President Joe Biden signed the Inflation Reduction Act at the White House on Tuesday, injecting $473billion of new spending on climate and healthcare amid concerns it will do little to reduce inflation. Biden thanked Joe Manchin, the moderate Democratic senator who killed his initial Build Back Better package and finally signed on to the new legislation after months of negotiations - including the guarantee of a gas pipeline in his home state of West Virginia.  Republicans have criticized the bill, claiming it will lead to taxes on middle class Americans and will do little to help reduce soaring costs.  'Joe, I never had a doubt,' he told the Democrat at a signing ceremony, where Biden hailed the measure as a tool to take on the special interests. Biden, who wore a mask after first lady Jill Biden tested positive for COVID, called it a 'historic moment' and bashed Republicans for voting in unison against it. 'For a while, people doubted whether any of it would happen,' he told Senate Majority Leader Charles Schumer, who helped forge the final deal with Manchin.  Schumer...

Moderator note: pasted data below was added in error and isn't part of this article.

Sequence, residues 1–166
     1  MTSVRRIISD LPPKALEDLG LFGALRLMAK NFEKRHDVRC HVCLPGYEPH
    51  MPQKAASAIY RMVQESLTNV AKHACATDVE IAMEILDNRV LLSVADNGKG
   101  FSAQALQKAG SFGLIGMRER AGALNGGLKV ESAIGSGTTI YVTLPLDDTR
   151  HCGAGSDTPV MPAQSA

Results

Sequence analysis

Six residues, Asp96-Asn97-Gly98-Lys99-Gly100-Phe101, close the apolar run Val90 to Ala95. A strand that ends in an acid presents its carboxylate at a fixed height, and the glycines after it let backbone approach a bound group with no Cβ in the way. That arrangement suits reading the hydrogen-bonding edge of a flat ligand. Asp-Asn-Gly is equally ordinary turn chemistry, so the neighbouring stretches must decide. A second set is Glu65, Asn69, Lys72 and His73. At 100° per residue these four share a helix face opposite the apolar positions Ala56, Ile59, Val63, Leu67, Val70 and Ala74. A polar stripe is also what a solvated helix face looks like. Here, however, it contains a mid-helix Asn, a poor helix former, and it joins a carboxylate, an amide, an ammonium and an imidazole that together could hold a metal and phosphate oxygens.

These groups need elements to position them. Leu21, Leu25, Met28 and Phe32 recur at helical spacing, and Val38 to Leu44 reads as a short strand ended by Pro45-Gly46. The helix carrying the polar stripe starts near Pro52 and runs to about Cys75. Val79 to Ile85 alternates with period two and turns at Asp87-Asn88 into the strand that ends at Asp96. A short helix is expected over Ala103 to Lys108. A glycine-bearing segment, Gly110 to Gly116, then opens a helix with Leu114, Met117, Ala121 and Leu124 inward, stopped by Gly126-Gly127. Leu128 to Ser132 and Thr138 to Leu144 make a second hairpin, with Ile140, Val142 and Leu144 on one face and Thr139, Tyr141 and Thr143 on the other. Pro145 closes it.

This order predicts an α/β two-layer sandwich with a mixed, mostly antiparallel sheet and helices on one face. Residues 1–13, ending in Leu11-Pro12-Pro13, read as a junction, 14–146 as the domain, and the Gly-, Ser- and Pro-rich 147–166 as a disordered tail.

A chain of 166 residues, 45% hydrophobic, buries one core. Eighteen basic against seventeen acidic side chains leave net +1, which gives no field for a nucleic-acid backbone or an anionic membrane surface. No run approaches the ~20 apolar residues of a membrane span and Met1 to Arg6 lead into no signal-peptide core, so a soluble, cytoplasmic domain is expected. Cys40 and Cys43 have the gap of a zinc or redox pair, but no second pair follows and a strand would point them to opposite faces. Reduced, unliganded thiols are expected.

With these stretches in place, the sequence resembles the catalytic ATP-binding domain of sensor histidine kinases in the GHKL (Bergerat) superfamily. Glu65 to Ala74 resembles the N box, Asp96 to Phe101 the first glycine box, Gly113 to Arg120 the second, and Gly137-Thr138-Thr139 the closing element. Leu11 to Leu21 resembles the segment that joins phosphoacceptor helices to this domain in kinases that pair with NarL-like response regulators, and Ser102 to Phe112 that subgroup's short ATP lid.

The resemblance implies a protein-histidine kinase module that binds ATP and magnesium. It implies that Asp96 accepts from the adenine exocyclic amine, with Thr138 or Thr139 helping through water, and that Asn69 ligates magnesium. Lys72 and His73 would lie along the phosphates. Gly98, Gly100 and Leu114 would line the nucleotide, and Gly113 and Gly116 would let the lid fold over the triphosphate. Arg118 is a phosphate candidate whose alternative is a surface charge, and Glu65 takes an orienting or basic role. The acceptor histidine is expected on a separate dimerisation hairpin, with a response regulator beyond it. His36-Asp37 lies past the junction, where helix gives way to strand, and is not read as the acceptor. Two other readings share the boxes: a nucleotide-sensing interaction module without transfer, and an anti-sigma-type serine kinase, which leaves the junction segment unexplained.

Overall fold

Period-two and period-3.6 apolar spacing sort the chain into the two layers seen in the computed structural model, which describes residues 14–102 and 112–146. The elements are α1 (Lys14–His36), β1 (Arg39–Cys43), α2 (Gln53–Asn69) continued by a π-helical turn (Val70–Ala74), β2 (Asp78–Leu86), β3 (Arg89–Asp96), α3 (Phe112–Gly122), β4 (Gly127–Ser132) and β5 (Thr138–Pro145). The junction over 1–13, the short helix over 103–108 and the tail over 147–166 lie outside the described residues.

[The stream is slated to start at 3:30 p.m. ET. Please refresh the page if you do not see a player above at that time.] After more than a year of debate over costs, taxes, tax credits and regulations, President Joe Biden is finally signing his sweeping tax, health and climate bill into law — albeit a significantly reduced version of the $1.75 trillion Build Back Better plan he was pushing for last year. Considered a major win for Democrats, the newly renamed Inflation Reduction Act includes a $369 billion investment in climate and energy policies, $64 billion to extend a policy under the Affordable Care Act to reduce health insurance costs, and a 15% corporate minimum tax aimed at companies that earn more than $1 billion a year. Read more: Biden's corporate tax hike in the Inflation Reduction Act won't hurt most U.S. companies, Wall Street analysts say The $437 billion spending package is expected to raise $737 billion in revenue over the next decade, the biggest share coming from reductions in drug prices for Medicare recipients and tax hikes...